International Migrants Day: Exploring Mental Health in the Perinatal Period among Migrant Women

Migrant populations are increasingly composed of women, often of childbearing age, so it is important to screen patients for mental health issues during the perinatal period. Mental health issues during pregnancy and the postpartum period are associated with adverse outcomes for both mother and child. This association is stronger in migrants from low- and middle-income countries and low socioeconomic groups. Studies have found that postnatal depression can impact up to 42% of migrant women compared to 10 to 15% of non-migrant women. 

What are the big things to be aware of when working with pregnant migrant women?

  1. Asylum-seeking women in Canada have been found to have the highest prevalence of PTSD in the perinatal period followed by refugees and immigrants. 
  2. Antenatal and postnatal depression is common amongst pregnant and postpartum migrant women and migrant women in Canada are at a higher risk for these forms of depression compared to their Canadian-born counterparts. 
  3. Migrant women are at increased risk for anxiety symptoms during pregnancy. 
  4. Experiences that are stressors associated with being a minority (ie. discrimination, racism, etc.) have a cumulative detrimental effect on maternal health for migrant women. 
  5. Exposure to risk factors such as poverty, social support, language proficiency and legal status, can increase risk of depressive symptoms in perinatal migrant women. 
  6. Lack of social support is one of the biggest risk factors for depression in the perinatal period for migrant women. Migrant women often face separation from social networks, family members, and social isolation in the host country. This effect is amplified if they lack proficiency in English.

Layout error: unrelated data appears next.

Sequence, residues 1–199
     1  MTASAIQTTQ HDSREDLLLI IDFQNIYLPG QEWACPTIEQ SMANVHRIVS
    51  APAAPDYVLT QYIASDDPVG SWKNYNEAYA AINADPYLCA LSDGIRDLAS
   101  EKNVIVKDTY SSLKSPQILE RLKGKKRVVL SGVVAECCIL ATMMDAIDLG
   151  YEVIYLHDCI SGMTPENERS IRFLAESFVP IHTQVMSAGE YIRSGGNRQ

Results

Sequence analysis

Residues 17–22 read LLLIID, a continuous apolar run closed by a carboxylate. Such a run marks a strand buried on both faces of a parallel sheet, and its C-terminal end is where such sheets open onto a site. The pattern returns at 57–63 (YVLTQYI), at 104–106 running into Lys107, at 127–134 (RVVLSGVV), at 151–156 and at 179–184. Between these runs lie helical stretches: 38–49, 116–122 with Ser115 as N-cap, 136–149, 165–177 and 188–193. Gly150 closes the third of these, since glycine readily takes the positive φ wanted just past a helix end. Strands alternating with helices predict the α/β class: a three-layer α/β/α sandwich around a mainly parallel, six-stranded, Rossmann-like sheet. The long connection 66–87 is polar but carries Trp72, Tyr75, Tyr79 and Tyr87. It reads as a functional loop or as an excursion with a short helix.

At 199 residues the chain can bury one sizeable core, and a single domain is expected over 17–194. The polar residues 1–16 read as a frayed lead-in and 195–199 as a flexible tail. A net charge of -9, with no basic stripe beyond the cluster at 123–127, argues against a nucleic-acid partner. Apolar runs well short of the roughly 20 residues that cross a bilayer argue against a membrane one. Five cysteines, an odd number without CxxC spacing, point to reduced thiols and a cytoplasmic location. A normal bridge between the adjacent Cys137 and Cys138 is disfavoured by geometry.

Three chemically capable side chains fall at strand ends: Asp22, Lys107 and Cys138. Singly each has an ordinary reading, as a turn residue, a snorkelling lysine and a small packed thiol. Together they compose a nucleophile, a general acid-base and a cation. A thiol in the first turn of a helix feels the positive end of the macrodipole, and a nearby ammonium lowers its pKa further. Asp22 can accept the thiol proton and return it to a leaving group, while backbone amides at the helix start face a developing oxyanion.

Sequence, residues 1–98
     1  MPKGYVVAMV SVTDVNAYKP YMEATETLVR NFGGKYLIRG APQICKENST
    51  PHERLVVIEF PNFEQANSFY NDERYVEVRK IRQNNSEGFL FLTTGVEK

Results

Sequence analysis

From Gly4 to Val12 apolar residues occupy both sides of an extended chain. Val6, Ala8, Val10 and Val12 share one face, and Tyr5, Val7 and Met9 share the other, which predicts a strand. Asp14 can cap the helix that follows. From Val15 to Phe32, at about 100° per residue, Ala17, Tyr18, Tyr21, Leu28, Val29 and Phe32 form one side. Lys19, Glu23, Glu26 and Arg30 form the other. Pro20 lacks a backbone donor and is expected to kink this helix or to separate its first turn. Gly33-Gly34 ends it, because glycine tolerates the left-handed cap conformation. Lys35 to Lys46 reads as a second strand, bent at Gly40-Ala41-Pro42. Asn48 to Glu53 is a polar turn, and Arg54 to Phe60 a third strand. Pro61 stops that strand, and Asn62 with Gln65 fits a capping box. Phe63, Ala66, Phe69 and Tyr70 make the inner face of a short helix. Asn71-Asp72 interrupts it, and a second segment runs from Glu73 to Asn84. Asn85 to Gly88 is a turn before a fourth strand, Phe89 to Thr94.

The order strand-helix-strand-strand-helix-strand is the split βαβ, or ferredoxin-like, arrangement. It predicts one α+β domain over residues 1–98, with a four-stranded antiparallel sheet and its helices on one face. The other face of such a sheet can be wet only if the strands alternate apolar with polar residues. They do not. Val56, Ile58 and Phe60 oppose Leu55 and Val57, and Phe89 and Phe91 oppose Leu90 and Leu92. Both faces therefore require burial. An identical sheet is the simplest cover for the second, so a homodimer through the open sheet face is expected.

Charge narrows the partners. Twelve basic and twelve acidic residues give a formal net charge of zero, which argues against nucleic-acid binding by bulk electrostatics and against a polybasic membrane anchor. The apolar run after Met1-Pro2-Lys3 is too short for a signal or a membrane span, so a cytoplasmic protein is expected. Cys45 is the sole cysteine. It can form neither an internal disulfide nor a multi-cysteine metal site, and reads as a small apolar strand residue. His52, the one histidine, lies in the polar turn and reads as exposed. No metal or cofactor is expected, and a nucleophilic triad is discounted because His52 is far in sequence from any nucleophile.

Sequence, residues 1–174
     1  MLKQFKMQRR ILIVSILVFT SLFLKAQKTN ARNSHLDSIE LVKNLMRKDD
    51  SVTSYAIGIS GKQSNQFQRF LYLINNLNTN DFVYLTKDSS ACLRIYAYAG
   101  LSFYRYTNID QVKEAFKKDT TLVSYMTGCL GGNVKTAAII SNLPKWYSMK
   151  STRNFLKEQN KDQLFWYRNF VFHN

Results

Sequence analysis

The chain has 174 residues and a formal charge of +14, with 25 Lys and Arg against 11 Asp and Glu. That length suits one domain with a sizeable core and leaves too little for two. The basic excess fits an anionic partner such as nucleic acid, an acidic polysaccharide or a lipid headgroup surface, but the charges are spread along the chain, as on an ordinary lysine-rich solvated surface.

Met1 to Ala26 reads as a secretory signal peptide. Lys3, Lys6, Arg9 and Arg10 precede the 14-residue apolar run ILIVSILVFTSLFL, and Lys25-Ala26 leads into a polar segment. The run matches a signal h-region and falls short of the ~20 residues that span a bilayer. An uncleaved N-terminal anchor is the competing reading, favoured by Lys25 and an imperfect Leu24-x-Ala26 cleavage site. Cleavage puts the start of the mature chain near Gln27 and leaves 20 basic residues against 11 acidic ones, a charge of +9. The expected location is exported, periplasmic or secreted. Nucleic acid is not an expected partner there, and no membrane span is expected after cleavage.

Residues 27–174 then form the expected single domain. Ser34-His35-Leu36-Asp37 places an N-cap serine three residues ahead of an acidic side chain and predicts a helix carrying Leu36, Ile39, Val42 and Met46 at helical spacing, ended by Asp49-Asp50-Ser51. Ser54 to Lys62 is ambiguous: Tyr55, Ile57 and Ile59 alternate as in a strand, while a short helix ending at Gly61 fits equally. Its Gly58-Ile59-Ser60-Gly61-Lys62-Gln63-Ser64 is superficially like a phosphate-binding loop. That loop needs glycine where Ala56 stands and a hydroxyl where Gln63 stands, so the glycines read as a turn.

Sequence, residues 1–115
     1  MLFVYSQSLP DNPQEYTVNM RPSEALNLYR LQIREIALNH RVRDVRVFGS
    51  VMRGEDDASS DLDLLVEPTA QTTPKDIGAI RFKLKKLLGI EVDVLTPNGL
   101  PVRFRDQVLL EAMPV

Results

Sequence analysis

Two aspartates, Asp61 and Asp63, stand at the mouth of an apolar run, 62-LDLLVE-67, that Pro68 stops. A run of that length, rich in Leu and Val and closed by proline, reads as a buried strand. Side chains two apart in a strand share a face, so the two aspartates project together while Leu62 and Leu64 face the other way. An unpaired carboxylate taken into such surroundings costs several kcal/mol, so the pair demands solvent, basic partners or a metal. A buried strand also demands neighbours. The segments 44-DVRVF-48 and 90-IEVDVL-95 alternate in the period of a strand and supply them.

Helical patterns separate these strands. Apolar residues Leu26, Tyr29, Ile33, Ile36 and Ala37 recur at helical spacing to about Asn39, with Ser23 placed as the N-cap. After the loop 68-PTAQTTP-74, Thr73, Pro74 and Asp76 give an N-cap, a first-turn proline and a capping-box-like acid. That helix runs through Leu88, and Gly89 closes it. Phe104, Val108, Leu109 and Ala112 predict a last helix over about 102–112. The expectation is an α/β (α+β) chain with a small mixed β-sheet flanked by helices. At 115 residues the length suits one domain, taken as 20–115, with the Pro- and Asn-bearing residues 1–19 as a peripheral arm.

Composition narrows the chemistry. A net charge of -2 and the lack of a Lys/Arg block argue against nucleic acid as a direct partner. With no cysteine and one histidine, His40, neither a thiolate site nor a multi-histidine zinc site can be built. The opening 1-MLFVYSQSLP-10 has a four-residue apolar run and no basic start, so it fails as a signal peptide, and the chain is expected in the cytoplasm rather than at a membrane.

What are the risk factors for antenatal & postnatal depression?

  • Lack of social support 
  • Marital strain/lack of marital support
    • Marital disharmony 
  • Time spent in host country 
  • Socioeconomic difficulty 
    • Housing difficulties
    • Lack of money for fundamental needs
  • Stress (ie. perceived stress, life event distress, etc.)
  • Prior mental health 
    • History of depression, emotional distress, perinatal anxiety, pre-migration stress, etc.
  • Legal status of migration
    • Refugee or asylum-seeker status is highly correlated with postnatal depression 
  • Less proficient English in the postnatal period 
  • Low domestic decision-making power has been found to be correlated with postnatal depression 

What are some measures I can use to screen for depression in my pregnant migrant patients?

  • Edinburgh Postnatal Depression Scale (EPDS)
  • Center for Epidemiologic Studies Depression Scale (CES-D)
  • Patient Health Questionnaire (PHQ-9)
  • Beck Depression Inventory-II (BDI-II)
  • Depression Anxiety Stress Scale (DASS)
  • Postpartum Depression Screening Scale (PDSS)

Don’t forget that many migrant women are not fluent English speakers and may require translated versions of these scales, interpreters, or someone to assist with explaining specific words/phrases. Assess their English language fluency (without making assumptions) before administering screening questionnaires! Many of these scales also hold an inherent Western-World bias of what depression looks like, so be aware of this when assessing depression in migrant women. 

Be mindful that refugee & asylum-seeker women have higher levels of mental health problems, not only because they are more likely to have experienced traumatic life events (ie. peace conflicts, poverty, etc.), but also because they often lose their social support networks in the migration process. Social support is a major protective factor against mental health issues for all people. 

Also consider that many diagnostic measures for mental health do not assess valid differences in risk across different cultural groups & conduct a thorough screening by asking questions about food security, housing, discrimination, language proficiency, environmental navigation, legal status (if precarious status is causing them anxiety) and other factors that make the migrant pregnancy experience unique. 

Author  | Brintha Sivajohan


Anderson, F. M., Hatch, S. L., Comacchio, C., & Howard, L. M. (2017). Prevalence and risk of mental disorders in the perinatal period among migrant women: A systematic review and meta-analysis. Archives of Women’s Mental Health, 20(3), 449-462. doi:10.1007/s00737-017-0723-z